Manage a mailing list with MailChimp

Email marketing gets a bad rap. With so much spam already clogging up inboxes worldwide, small-business owners may be understandably wary of sending automated sales emails. But a well-run email campaign can yield positive results. Sending carefully targeted, well-designed emails to an opt-in audience can increase web traffic and conversions more effectively than the most active social media campaign.

Making a success of email marketing is easier said than done, however. Building a list, managing sign-ups, designing your emails and distributing them is a big job, and it gets bigger as your business expands. Enter MailChimp – a service that provides list management, drag-and-drop email design and in-depth performance reports for organisations of all sizes. And there’s no need to pay until your list grows to a substantial size, so with the aid of a free HTML editor, it’s possible to launch your first email campaign without paying a penny.

Signing people up

The first way MailChimp helps out is by storing the addresses of everyone who has agreed to hear from you in a mailing list. If you already have a list of email addresses, you’ll be prompted to import it right after creating your MailChimp account (see below).

If you don’t have such a list, or want to expand one, MailChimp can also host a handy sign-up page for you. Under MailChimp’s Lists tab, you can choose “Create forms” to set up sign-up pages where your would-be mail recipients can enter their names and addresses. To prevent the service from being abused, MailChimp uses a double opt-in process; when a new email address is entered into your web form, the system doesn’t add it to your list until the owner of that address acknowledges receipt of a confirmation email. This reduces spamming, by making it impossible to sign up people without their knowledge and active assent – MailChimp estimates that a list using double opt-in receives only around three spam reports per 50,000 recipients.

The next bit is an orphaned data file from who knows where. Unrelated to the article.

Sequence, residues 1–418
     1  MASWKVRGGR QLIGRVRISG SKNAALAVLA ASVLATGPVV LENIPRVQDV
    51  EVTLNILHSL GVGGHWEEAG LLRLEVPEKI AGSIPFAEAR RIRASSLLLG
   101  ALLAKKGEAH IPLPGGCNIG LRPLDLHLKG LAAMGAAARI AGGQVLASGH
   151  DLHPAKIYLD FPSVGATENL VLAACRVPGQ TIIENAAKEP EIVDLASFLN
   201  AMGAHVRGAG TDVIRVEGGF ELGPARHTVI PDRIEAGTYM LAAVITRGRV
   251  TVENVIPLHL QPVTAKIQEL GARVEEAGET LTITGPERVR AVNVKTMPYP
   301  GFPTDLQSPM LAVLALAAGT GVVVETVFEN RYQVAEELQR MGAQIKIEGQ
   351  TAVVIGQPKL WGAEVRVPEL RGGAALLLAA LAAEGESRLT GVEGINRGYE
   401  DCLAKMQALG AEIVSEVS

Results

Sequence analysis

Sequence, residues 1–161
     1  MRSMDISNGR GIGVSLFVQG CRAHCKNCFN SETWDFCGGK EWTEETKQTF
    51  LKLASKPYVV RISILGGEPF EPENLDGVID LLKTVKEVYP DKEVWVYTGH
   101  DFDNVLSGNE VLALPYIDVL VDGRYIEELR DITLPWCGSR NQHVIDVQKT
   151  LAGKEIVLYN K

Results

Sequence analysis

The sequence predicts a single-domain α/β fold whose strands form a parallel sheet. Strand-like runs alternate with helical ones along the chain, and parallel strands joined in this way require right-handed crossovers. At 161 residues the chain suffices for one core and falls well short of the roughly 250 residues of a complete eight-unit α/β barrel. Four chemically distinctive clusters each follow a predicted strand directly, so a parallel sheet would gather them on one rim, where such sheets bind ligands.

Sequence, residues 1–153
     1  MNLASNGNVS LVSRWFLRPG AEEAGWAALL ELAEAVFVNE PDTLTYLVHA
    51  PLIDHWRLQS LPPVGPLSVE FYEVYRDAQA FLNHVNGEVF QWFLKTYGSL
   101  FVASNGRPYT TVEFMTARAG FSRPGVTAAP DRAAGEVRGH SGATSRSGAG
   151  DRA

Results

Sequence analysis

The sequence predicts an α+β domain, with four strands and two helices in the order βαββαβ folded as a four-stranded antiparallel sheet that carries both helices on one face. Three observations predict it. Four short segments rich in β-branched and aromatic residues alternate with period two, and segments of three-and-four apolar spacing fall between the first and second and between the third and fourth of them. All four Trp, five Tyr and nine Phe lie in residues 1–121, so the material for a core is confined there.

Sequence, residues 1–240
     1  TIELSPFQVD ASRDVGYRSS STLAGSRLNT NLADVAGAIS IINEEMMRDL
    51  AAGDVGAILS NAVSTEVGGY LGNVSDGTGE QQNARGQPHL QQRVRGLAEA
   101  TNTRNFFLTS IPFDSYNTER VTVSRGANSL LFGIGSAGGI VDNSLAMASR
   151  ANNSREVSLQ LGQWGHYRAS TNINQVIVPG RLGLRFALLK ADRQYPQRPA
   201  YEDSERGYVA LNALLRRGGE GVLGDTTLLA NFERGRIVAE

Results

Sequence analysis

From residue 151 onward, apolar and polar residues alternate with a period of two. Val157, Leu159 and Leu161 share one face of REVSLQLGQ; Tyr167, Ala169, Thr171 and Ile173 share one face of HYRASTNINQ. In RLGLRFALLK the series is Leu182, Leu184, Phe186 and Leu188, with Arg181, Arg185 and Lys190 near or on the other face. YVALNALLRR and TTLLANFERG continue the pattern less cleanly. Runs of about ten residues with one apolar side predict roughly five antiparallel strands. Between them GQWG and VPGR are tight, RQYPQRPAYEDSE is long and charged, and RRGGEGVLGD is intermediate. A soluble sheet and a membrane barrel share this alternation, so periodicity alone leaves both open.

However, it gives new users a little extra work to do before they start receiving your messages. Hosting sign-ups at MailChimp’s site also limits the ability to use your own website branding, and to integrate the sign-up process into other parts of your business.

Happily, there are ways to mitigate both of these concerns, should you wish to do so. Head to the “For your website” dropdown box in the main List view and you’ll find the code for the sign-up form, which you can copy and paste into a page on your own site. The classic form comprises standard HTML, CSS and JavaScript, so customising it is simple.

The CoffeeCup web form builder makes it easy to create attractive sign-up pages

Email authentication can’t be disabled within MailChimp, but you’re free to use a different sign-up system that doesn’t insist on double opt-in if you prefer. One such alternative is the excellent Web Form Builder from CoffeeCup – a standalone service that provides you with a wysiwyg interface for building web forms, and supports the MailChimp API, so all you need to do is generate an API key and plug it into CoffeeCup’s software to have sign-ups automatically added to your mailing list. The basic version of Web Form Builder is free, but if you want to host the forms it creates on your own site, you must upgrade to one of CoffeeCup’s premium accounts, which start at $5 (around £3) per month.

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